A big dorado in the Paraná Delta would just scratch 20 pounds, while fish over 10 pounds are considered a good catch for a single day. Anglers do catch the massive 30- and 40-pound fish more commonly seen in Bolivia, but they typically do so by dredging dark flies down low near the main channel. We employed that method—fly fishing’s version of sinking bait—but could not have anticipated the near-comical results.
After setting ourselves up with 400-grain fast-sinking lines, Witt and I bombed casts across the tailout of a wide creek, counting the fly down to depths of 20 feet or more. An oncoming storm ripped across the marsh, rattling the leaves off nearby trees, sending scores of teal and shorebirds sailing for more comfortable climes. Just as the water started to hit whitecap-level chop, Justin hooked up with something big, which surged through the water—this could well be our “ten-kilo” fish, indicated Enzo, our guide. He backed off the trolling motor, allowing us to float with the current. As Justin fought his fish, I continued crashing the bank, swinging the fly almost like a steelheader to get it down.
After one of these casts, I heard the sickening snick of a knot failing and line rattling through the guides, followed by a number of Spanish phrases. Then, my own rod doubled over, but the pulse on the end was all wrong; too wriggly for dorado, not loggish enough for sábalo. Within minutes I landed my second-ever saber-toothed payara. Payara have tusks, much like a boar, that stand straight from their lower jaw, like jagged hypodermic needles. Just as I was hamming it up for Becca’s camera, the fish gave a weird wriggle, and slipped free. It fell in a perfect belly flop, executing exactly one half barrel roll before sticking the karmic landing, literally, by burying its teeth in the top of my foot. Ten points from the Russian judges.
I blanched, laughing weakly but somewhat aghast, as Justin calmly noted, “Zach, your foot is turning green.” The payara had clipped a vein, which was rapidly bleeding out under my skin. I bent over and wrenched the fish free, flooding the scuppers with impressive spurts of my own blood. Becca, a trained EMT, flipped some kind of internal switch and took command. Within moments I was lying by the transom, my foot held firmly, elevated, and continuing to bleed. I obeyed all medical direction (most notably one about calmly drinking my beer “instead of whining”). Two beers and a surprising amount of gauze later, I was back on my feet, and we were headed for a different flat. So much for headhunting.
TO BE FAIR, fishing the Paraná Delta isn’t about trophies. Instead, you fish here for action. Like “puppy drum” fishing in the Louisiana marshes, there is seemingly no end to the five- to seven-pound fish. I didn’t even know mouse flies were an option until our third day of fishing, when Enzo seized upon my well-traveled but little-used row of mice. They didn’t last long, but I’ve never been more excited to lose flies.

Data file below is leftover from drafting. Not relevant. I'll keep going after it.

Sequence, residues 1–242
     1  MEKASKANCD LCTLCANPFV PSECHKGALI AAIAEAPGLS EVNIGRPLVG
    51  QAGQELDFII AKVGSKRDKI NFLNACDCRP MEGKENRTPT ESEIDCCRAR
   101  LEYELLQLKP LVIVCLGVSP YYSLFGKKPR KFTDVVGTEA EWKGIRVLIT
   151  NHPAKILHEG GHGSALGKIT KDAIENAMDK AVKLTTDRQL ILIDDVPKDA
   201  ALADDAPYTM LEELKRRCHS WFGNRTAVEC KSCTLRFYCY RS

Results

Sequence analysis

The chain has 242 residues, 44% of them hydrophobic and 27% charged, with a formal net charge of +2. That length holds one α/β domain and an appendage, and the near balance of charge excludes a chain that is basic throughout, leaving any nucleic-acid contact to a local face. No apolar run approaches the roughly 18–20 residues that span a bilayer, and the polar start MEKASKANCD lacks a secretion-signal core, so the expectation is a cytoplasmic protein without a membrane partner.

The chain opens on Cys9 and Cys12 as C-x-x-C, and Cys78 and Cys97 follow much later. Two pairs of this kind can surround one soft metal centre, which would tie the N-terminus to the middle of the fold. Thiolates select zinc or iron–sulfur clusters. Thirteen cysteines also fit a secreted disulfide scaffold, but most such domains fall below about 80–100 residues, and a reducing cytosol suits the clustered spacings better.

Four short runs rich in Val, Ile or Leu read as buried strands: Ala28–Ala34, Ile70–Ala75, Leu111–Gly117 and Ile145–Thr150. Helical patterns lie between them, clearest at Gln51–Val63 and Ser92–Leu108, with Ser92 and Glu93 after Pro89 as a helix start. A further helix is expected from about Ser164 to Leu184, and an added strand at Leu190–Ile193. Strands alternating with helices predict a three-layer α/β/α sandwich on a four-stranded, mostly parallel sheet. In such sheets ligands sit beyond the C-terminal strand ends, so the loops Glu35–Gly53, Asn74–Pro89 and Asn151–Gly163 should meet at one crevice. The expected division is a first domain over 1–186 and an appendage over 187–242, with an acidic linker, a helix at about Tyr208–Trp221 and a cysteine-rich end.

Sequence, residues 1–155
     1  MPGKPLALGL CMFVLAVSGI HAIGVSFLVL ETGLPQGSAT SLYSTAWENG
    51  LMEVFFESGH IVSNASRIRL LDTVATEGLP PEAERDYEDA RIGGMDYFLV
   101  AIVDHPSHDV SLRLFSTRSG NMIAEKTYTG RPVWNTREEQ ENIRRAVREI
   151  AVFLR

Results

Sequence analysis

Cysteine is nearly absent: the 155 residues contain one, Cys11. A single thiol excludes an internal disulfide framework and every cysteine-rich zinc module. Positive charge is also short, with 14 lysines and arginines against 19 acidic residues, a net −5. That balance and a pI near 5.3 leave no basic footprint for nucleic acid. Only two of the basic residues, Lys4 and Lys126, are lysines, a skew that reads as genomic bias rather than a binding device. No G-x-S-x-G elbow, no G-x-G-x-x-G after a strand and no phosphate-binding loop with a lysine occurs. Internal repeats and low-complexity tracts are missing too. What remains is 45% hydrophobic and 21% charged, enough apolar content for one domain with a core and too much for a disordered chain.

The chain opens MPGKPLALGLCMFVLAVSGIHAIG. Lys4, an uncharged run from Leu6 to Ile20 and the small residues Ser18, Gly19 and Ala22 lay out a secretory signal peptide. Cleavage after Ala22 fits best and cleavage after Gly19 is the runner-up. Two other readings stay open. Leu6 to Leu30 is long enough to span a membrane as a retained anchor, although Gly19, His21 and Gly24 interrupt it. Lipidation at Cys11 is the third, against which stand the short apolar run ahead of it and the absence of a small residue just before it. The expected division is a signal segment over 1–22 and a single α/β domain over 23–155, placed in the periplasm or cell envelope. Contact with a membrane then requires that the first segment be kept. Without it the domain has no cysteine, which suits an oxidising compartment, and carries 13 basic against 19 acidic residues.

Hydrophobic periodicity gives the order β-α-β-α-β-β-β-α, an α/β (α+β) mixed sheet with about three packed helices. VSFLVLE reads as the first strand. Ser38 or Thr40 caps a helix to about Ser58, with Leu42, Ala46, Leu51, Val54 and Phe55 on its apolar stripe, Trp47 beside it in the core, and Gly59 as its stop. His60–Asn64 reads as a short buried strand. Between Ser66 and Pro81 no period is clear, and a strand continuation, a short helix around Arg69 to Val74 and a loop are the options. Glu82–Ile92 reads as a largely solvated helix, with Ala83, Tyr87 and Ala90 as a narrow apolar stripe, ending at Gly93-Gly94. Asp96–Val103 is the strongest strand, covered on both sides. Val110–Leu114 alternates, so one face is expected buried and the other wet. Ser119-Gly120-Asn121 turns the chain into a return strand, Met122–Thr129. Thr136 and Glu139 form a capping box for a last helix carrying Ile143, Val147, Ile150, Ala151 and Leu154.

As the light failed on our last evening, with a distant lightning storm searing the horizon and our supply of mice thoroughly exhausted, I sat on the deck of a Carolina Skiff. My face was sunburned (in January); my arms were tired from reeling in fish; I was slightly buzzed from beer and mapacho tobacco; and I was thoroughly happy. Fishing is supposed to be fun, and the golden dorado seems custom-designed to make angling a blast. Roll in world-class food and a mobile lodge experience, and you’ve got a truly satisfying South American adventure.
Zach Matthews is a longtime contributor to American Angler as well as many other publications. He also is the host of The Itinerant Angler podcast, now in its 12th season. When he’s not traveling, writing or podcasting, Zach is a working trial attorney in Alpharetta, Georgia.
- The Golden Dorado River Cruiser is a mobile operation, so its distance from Buenos Aires varies with the fishing and seasons. When we arrived, the boat was a short, couple-hour car transfer outside Buenos Aires.
- Lodging is all-inclusive, with in-room bathroom suites and showers powered by (filtered but stained) river water. Due to Argentina’s currency fluctuations, U.S. dollars are king, especially for staff tips.
- The GDRC operation is best accessed through its American booking partner, Hemispheres Unlimited (hemispheresunlimited.com; 404-783-2114). Hemispheres employs actual Argentineans to help navigate the country’s bureaucracy, which is extremely helpful given its occasionally volatile politics. Travel regulations may change with little warning.
- This is a great fishing trip for first-time anglers. And the boat is a perfect playland for 8- to 12-year-old kids who have an interest in fishing. The dorado are so prolific, hot angling is basically guaranteed. The marsh is also a birder’s paradise, with parakeets, ducks, egrets, and herons, not to mention a rich buffet of harriers, caracaras, and other birds of prey.
- Note: The CDC lists Argentina within the Zika zone, but a closer look shows that only four Argentine provinces, all along the Brazilian border and hundreds of miles from Buenos Aires, have confirmed cases of the disease. This area is well outside the malaria zone, too. Mosquitoes on the Paraná are also surprisingly dedicated to a dinnertime window of approximately 7 p.m. to 8 p.m. Fortunately, that’s when you’ll be inside, eating dinner yourself. Outside that time window, we saw no mosquitoes.